3. When the installation wizard starts, follow the directions that appear on your
4. You will have to agree to the license agreement

5. Enter your personal information and click Next

6. Finish the installation and you will now have Remote Desktop Installed on your
XP system.

Enable a Computer as the Host

1. Verify that you are signed in as the administrator.
2. Click Start, click Control Panel, and then click Performance and Maintenance.

3. Click System.

4. Click the Remote tab, select the Allow users to connect remotely to this computer
check box, and then click OK.

Firewall settings
Make sure you have Windows Firewall set up to allow exceptions.
1. In the Control Panel, click Security Center.
2. Under Manage security settings for, click Windows Firewall.
3. Make sure the Don't allow exceptions check box is not selected.

4. Click the Exceptions tab, and verify that the Remote Desktop check box is selected.

5. Click OK, and then close the Windows Security Center window.
Your host computer is now set up to allow remote access.
You will need the name of the host computer.
6. In Control Panel, click Performance and Maintenance, click System, and then click
the Computer Name tab.

7. Write down the full computer name, and then click OK.
8. Close Control Panel.
9. Leave this computer running, locked, and connected to the corporate network with
Internet access.

Connect your remote computer to the host computer

To connect your home computer, which is the client (or remote) computer to your work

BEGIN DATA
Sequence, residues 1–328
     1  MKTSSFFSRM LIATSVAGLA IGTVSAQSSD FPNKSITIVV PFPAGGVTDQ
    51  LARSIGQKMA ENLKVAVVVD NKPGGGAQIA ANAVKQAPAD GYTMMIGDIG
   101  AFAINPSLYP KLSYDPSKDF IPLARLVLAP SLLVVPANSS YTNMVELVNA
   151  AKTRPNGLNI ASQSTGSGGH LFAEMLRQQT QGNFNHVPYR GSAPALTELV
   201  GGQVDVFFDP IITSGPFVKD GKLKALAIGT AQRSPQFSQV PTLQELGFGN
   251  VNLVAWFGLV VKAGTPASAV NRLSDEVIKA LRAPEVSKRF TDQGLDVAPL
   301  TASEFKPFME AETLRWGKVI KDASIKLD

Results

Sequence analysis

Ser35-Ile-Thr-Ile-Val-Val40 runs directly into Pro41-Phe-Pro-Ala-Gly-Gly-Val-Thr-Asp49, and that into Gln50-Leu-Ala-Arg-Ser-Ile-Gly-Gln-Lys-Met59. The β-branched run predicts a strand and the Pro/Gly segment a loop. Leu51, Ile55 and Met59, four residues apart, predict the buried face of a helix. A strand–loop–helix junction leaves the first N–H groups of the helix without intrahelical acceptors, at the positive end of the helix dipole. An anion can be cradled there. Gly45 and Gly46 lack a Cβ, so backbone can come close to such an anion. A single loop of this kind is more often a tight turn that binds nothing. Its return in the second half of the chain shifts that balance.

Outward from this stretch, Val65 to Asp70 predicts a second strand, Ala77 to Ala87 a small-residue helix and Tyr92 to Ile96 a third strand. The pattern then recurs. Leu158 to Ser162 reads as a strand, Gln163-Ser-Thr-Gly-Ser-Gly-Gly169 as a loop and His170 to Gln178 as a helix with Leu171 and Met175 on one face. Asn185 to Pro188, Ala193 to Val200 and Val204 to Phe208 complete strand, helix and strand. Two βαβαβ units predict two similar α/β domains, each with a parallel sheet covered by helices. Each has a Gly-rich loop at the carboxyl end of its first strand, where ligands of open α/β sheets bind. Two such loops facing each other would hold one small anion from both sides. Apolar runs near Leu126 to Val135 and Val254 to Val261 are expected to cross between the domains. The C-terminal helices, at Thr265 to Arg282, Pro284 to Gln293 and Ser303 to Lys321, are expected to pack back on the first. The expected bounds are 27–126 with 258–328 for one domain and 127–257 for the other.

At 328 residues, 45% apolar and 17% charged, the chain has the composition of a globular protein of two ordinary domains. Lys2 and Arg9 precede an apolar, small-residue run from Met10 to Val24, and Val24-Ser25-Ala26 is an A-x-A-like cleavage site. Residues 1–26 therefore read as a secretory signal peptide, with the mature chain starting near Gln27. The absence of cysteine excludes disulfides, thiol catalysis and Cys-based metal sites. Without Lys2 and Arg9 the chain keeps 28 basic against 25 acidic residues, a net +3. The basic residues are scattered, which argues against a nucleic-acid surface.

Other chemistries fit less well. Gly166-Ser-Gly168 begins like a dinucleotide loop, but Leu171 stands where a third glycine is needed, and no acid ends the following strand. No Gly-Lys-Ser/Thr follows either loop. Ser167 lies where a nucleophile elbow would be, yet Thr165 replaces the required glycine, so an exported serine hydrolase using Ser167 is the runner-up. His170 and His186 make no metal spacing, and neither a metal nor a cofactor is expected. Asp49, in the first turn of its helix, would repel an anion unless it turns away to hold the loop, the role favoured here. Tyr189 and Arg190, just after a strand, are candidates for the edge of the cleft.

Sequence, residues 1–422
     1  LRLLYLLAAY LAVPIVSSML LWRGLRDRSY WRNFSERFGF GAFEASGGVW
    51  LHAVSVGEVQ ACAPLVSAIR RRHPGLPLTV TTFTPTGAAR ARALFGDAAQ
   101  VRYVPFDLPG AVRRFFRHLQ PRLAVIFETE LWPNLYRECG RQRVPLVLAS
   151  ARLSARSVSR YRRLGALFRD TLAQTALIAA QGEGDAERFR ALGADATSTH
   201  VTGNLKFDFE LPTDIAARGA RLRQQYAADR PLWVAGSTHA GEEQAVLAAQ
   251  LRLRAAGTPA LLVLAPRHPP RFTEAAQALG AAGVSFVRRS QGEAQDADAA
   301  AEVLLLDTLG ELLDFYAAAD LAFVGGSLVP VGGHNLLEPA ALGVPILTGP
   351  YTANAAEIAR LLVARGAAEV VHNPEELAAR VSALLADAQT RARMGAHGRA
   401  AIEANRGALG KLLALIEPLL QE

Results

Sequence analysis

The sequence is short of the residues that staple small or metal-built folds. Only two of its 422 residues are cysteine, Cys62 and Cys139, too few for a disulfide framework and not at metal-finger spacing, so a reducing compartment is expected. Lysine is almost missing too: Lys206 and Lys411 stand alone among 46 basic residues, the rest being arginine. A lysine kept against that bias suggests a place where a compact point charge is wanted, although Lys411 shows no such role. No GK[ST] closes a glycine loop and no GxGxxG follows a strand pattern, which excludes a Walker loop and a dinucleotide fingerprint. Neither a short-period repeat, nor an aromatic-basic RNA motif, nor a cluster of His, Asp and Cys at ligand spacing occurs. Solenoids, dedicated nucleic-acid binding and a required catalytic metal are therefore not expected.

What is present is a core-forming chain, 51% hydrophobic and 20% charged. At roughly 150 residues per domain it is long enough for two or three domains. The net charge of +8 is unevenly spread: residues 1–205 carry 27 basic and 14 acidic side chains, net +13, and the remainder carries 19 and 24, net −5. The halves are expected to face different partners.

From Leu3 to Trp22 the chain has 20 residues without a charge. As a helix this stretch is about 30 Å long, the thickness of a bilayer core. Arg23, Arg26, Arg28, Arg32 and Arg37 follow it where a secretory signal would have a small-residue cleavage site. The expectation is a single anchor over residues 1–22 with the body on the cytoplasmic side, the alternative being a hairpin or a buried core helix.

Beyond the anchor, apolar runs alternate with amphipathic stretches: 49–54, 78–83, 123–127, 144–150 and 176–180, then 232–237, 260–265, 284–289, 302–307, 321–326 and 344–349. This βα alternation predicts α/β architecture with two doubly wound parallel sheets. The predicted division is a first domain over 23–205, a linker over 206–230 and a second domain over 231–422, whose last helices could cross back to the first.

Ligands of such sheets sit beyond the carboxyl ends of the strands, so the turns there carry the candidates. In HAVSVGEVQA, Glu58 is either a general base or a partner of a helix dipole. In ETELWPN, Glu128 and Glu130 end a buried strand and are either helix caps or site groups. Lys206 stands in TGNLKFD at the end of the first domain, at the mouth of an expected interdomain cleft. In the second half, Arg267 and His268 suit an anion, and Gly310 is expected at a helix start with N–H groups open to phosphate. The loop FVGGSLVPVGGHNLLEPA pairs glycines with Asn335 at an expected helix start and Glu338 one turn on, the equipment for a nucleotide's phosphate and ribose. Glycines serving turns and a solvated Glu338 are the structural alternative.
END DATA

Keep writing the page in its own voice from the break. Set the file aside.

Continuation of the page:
(or host) computer, follow these steps:
1. On your home computer, click Start, point to All Programs, and then point to
2. In the Accessories menu, point to Communications, and then click Remote Desktop

3. In the Computer box, type the computer name of your host computer, which you
wrote down earlier.

4. Click Connect.
5. When the Log On to Windows dialog box appears, type your user name, password,
and domain (if required), and then click OK.

The Remote Desktop window opens, and you see the desktop settings, files, and
programs that are on your host computer, which in this example is your work computer.
Your host computer remains locked, and nobody can access it without a password. In
addition, no one will be able to see the work you are doing remotely

To end your Remote Desktop session:

1. Click Start, and then click Log Off at the bottom of the Start menu
2. When prompted, click Log Off.

Accessing Problem:
Problems do occur, most commonly its just that the connection is either refused or it
timed out because of latency. Here is a commonly seen error message:

Advance Settings:
To display more remote connectivity options and configure additional settings, click the
Options button.